Then and now: Austin celebrates anniversary of marriage equality

People celebrate the Supreme Court decision to legalize same-sex marriage in Austin, Texas on Friday, June 26, 2016. Shelby Tauber / AMERICAN-STATESMAN
People celebrate the Supreme Court decision to legalize same-sex marriage in Austin, Texas on Friday, June 26, 2016. Shelby Tauber / AMERICAN-STATESMAN

Austin on June 26, 2015 was a day full of LGBT pride, celebrations in the streets and impromptu weddings — it’s the day the U.S. Supreme Court overturned state bans on gay marriage, requiring all states to issue marriage licenses to same-sex couples and recognize such unions performed in other states.

Sunday marked one year since the Obergefell v. Hodge ruling, and Austinites came out to celebrate. Couples like Collin Acock and Shane Parsons reflected on the historic day while also celebrating their wedding anniversary. Groups like Equality Texas used the anniversary as a day to call on the LGBT community to fight against discrimination.

In honor of the anniversary, take a look back at the day SCOTUS made history and the events surrounding the decision.

 

For complete coverage of gay marriage in Texas, go here. 

 

Smells like Texas spirit: 20 scents that will remind you of the Lone Star state

Bluebonnets grow along a county road between Spicewood, Texas and Lake Travis. LAURA SKELDING/AMERICAN-STATESMAN
Bluebonnets grow along a county road between Spicewood, Texas and Lake Travis. LAURA SKELDING/AMERICAN-STATESMAN

It’s only natural to become homesick the second you leave our great state of Texas. Who can blame you when there are so many things to love?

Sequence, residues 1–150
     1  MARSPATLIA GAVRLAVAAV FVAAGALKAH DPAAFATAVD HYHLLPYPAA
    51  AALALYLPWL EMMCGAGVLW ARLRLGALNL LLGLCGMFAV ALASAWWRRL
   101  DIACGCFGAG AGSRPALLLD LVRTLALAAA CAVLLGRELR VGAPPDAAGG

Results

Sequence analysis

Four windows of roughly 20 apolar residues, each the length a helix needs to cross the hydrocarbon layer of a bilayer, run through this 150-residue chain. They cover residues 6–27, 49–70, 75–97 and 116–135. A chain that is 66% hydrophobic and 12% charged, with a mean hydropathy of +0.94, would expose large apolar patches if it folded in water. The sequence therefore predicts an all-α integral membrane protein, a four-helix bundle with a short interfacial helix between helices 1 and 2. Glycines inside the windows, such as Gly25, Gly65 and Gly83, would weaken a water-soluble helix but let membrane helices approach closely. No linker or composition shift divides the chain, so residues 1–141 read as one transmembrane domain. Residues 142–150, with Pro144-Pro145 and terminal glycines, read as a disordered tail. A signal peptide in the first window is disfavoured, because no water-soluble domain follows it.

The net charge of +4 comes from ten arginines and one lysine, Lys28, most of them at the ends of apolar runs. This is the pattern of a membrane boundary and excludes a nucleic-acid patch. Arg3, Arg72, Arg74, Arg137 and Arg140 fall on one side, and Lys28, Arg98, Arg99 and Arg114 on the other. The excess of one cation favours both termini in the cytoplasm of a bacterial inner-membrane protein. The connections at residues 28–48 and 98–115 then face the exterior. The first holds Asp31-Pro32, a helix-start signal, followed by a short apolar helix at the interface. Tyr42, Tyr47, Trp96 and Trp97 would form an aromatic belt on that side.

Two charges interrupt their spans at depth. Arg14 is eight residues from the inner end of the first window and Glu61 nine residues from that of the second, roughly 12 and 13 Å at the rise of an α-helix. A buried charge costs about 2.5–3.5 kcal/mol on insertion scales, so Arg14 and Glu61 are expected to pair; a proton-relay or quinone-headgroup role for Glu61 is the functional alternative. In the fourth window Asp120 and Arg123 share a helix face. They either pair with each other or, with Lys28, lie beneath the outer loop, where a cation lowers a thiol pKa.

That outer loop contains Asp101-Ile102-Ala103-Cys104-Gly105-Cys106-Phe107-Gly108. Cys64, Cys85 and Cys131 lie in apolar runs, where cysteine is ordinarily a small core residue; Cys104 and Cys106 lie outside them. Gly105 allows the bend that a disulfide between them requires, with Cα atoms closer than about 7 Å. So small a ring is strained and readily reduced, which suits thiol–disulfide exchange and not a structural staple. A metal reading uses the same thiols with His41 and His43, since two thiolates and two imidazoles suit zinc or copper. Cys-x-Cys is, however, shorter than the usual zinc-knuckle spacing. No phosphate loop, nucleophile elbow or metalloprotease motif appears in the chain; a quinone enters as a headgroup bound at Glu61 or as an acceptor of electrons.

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The “Texas Homesick Candle” emits a fragrance that includes leather, fresh cotton and sage. Photo via Homesick Candles.

And they say our sense of smell is linked closely with memory which is probably why a number of people have tried to capture the Lone Star state’s scent and put it into a candle.  There’s this “Texas Homesick Candle” that smells like leather, fresh cotton and sage. There are also these candles by UT alumna Pam Kuhl-Linscomb named after Texas cities or True Texas Scents on Etsy that include scents like Amaretto and sagebrush.

But even with all these nostalgia-inducing scents, we thought some iconic smells were missing. Here are the Texas fragrances we’d also opt to put into our candles:

1. Barbecue. The aroma of freshly cooked meats is more than welcome in our homes.

2. Little Texas Mountain Laurels.

3. All the smells of the State Fair. Basically anything deep fried, from funnel cakes to turkey legs.

4. Tobacco. Specifically the chewing kind.

5. Sweet Tea and all its sugary glory.

6. Diesel because we all grew up around large trucks and probably still have one in the family.

7. In fact, let’s just amp that Diesel up to the scent of oil. It’s everywhere here.

8. Bluebonnets, obviously.

9. The odiously cheesy scent of queso. Or all Tex-Mex scents really. Imagine a candle that smelled like tortillas on a hot stove. Yum.

10. Some smoky hints of gun powder.

11. Fresh Whataburger. You’d probably crave the fast food everyday.

12. Rain in the summer. When it’s not unbearably dry at least.

13. Shiner beer, with tinges of prickly pear and strawberry blonde.

14. Scents of the ocean because Texas has quite a few iconic beaches, from Galveston to South Padre Island.

15. Livestock. Not a pretty thought but we are the Longhorn state.

16. Whiskey.

17.  Pecans. Pecan trees, pecan pies, pecan candles…

18. Crops. Really just the smell of fresh outdoors not ridden with city smells.

19. Chili.

20. And considering Texas’ funky weather, if we make a candle that could emit the scents of every season in the course of a burn, that’d be ideal.

Of course not all of these would make for appealing fragrances but home is where the heart is — not the nose.